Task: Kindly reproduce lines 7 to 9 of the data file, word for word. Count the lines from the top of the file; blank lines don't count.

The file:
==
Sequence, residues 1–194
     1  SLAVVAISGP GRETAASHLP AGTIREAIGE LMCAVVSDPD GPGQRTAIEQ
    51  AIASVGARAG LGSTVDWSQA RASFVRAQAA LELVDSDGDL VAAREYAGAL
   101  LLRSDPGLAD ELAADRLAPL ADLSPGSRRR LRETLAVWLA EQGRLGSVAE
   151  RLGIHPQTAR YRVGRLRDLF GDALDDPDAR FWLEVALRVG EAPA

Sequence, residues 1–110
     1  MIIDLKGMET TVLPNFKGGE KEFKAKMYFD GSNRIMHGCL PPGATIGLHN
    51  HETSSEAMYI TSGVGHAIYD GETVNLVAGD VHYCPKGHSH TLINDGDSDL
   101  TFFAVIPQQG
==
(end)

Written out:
     1  MIIDLKGMET TVLPNFKGGE KEFKAKMYFD GSNRIMHGCL PPGATIGLHN
    51  HETSSEAMYI TSGVGHAIYD GETVNLVAGD VHYCPKGHSH TLINDGDSDL
   101  TFFAVIPQQG